Senior Moms Unlock Joys Of Messenger, YouTube In Smart Millenniors program

For Lilia Cos, a senior citizen from Manila, life has not been quite the same since she first discovered how to use a smartphone and social media.

After that first session, I kept on using Facebook. I asked my kids and my grandkids to help me learn more about it,” said Nanay Lilia, one of the seniors who joined the latest Smart Millenniors session in Brgy 672 in Paco, Manila.

“Millenniors” is a play on the words “millennials”, who are known to be tech savvy, and “seniors”. The goal of the program is to teach technology to the elderly, specifically about smartphones, mobile data and social media.

In the first two sessions, the seniors learned about the basics of smartphones and mobile data, and were assisted by senior high students from Adamson University in setting up their Facebook accounts and uploading selfies, creating group chats on Messenger and searching for their favorite shows and videos on YouTube.

Being able to use Messenger is a big help. With it, I can talk to family members abroad, and my friends in Laguna and Cavite. We can chat even if they’re far away,” Nanay Lilia said. “Just last night, I was up late because I was talking to my siblings in Japan and Germany. It was so fun—no matter where they are, as long as we are in one group chat, we can talk about the same things,” she added.

For Adamson student-volunteer Marielle Tuazon, being able to teach senior citizens about technology was an exciting and enlightening experience.

I think seniors often feel left out. Their grandkids are always on their phones, they don’t talk. With this program, I hope we’ll be able to help them connect better, not only with their grandchildren, but with their other relatives as well,” Tuazon said.

Her classmate Shun Camannong agreed. “This is a big help for them to be closer to their families and stay connected with them, even if they are separated by long distances,” he said.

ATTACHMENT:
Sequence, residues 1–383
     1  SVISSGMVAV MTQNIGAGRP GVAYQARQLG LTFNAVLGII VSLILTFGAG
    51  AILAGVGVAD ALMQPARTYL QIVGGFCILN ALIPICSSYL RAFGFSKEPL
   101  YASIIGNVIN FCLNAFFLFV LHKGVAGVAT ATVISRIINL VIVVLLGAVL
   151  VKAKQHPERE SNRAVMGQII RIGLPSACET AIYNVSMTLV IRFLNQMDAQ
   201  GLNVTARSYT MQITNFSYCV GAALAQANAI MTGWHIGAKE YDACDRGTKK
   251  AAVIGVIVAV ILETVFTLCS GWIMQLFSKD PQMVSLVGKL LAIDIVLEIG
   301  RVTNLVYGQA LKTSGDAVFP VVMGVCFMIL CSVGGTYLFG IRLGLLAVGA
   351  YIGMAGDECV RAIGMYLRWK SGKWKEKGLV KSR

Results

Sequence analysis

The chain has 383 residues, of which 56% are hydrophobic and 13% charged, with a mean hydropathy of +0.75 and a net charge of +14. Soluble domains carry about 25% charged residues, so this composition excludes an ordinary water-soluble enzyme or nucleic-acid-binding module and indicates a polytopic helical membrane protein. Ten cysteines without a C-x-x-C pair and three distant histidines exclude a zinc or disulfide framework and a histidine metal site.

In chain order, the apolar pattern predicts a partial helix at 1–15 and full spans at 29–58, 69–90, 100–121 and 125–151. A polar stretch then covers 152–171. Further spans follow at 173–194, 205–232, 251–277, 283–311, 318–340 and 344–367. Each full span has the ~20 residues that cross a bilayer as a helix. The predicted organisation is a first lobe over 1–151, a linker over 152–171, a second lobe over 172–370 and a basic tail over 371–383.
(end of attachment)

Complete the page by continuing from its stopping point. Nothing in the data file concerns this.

Patience, understanding key

For Tuazon and Cammanong, patience and understanding are key elements in facilitating learning among seniors.

It is also important that you want them to learn, so you can really connect with them and help them,” said Tuazon.

“Always stay respectful and not be quick to judge them,” said Camannong. “Like us, they are also always looking for new things to learn to improve their lives. Listen to what they’re saying, and be open to their questions,” he said.

Indeed, Nanay Lilia is looking forward to more learnings. “I hope the future sessions bring even more knowledge,” she said. “I know there is still much left to learn.”

The Smart Millenniors program is part of Smart’s efforts to make technology more inclusive and accessible to more Filipinos.

Apart from the pilot session with seniors in Brgy 734 in Paco, Manila last year, the Smart Millenniors program was also held in Cebu last month with members of the Philippine Association of Retired Persons, in cooperation with EduStudio and Coalition for Better Education.

We are getting closer to our goal of making Internet truly for all, as more seniors participate in the Smart Millenniors program,” said Smart Public Affairs head Ramon Isberto. “As the world becomes increasingly digital, we are working to make sure that nobody gets left behind.”

With this program, Smart is reiterating its commitment to bring digital learning to everyone, no matter their age,” said Stephanie Orlino, Smart Community Partnerships senior manager. “We look forward to partnering with more communities for this initiative.”

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